A friend sent me a link to today’s xkcd, which inspired me to post about a project I’ve been working on off and on over the last year or so. The comic describes the use of 2 cameras placed at a great distance apart, which are then viewed through via a pair of improvised video goggles. The result is a greatly exaggerated sense of stereoscopic depth. It’s as if you are a giant, with eyes a hundred feet apart, looking at tiny little clouds.
My project uses the same idea, but instead of using live video cameras, I use a pair of digital still cameras set far apart to create hyper-stereocopic time-lapse movies (geeky details below). I shot a bunch of these around San Francisco. They’re viewable on youtube:
This one looks good in side-by-side mode but is a bit dark with the red/cyan glasses:
If you’re a normal person and therefore don’t have a pair of red/cyan 3D glasses at arm’s reach, I apologize. Youtube has some info for viewing 3D videos. If it look a bit squished, click the 3D icon and select full-width. It looks best at 720p or 1080p.
The movies above were first shown at the 2011 Television of Tomorrow conference.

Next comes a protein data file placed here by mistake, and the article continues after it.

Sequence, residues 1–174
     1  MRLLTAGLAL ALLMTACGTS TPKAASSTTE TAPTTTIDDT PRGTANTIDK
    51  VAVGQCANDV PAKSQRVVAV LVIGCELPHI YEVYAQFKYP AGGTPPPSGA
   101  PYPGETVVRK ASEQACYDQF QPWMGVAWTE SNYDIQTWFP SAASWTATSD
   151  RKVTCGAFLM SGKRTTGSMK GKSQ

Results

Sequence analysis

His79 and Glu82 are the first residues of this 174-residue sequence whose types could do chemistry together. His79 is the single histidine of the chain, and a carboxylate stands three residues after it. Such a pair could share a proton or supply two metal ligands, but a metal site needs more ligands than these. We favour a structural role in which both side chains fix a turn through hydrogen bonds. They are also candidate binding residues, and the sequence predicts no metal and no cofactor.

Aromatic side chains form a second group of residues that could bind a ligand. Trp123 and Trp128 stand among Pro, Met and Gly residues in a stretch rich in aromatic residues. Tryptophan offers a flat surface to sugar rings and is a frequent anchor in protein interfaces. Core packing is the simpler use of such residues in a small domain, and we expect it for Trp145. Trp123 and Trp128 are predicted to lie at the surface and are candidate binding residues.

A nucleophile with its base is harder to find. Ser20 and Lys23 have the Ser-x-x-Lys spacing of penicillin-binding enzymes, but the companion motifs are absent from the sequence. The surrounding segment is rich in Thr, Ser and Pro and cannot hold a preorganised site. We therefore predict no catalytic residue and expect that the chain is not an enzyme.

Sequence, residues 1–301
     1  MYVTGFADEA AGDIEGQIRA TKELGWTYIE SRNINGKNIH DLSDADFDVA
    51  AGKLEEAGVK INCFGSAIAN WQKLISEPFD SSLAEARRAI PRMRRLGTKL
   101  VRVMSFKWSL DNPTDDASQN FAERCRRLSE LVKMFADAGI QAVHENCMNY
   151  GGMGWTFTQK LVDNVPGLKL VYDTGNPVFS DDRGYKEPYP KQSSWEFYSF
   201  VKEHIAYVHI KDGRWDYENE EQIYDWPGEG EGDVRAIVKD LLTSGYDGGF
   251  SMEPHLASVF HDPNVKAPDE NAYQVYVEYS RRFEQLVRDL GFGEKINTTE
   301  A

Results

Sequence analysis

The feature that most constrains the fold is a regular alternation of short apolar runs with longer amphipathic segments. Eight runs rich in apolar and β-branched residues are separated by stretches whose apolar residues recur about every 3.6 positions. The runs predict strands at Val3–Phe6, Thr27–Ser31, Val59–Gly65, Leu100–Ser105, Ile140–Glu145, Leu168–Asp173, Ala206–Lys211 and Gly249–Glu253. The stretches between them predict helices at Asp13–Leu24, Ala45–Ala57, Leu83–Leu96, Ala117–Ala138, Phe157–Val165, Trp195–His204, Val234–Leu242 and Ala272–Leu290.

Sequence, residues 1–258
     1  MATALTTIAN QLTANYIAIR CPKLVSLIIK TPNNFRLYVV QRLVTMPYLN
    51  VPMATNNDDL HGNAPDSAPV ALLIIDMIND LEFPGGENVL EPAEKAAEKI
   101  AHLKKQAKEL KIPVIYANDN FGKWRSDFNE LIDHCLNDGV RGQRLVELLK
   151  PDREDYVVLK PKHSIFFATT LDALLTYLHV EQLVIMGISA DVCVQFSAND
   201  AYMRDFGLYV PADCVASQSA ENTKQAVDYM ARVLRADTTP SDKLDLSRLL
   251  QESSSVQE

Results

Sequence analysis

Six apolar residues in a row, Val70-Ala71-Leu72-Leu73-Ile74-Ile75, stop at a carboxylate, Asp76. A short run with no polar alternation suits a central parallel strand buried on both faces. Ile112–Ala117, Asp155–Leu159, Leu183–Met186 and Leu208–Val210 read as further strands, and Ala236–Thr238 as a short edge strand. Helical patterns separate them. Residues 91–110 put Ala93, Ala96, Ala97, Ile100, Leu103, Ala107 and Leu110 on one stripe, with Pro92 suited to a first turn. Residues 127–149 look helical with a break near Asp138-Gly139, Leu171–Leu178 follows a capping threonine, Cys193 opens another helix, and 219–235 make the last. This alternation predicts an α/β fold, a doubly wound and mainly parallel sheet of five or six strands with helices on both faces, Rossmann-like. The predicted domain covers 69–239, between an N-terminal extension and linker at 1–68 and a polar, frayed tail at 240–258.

The geeky details:
The “hyper” refers to the usually large distance between the two cameras. To replicate a “normal” sense of depth perception, one would place the 2 cameras at the same distance apart as human eyes (about 2 1/2 inches). This gives a sense of depth for 10 feet or so; after that, things start to flatten out. Every time you double that binocular distance, you double the distance to which one’s stereoscopic sense extends. So if the camera “eyes” are 100 feet apart, objects up to a mile a way will have an uncanny sense of depth. Distant objects like clouds that normally look flat to us, suddenly “pop out”—you get a real sense of their contours, and almost feel like you can reach around them.
I shot these using pairs of Canon powershot cameras. In some cases they were tethered to a single computer, and were controlled by the gphoto program. I then figured out a way to use CHDK to get untethered cameras to shoot in sync, so that they could be placed at much greater distances.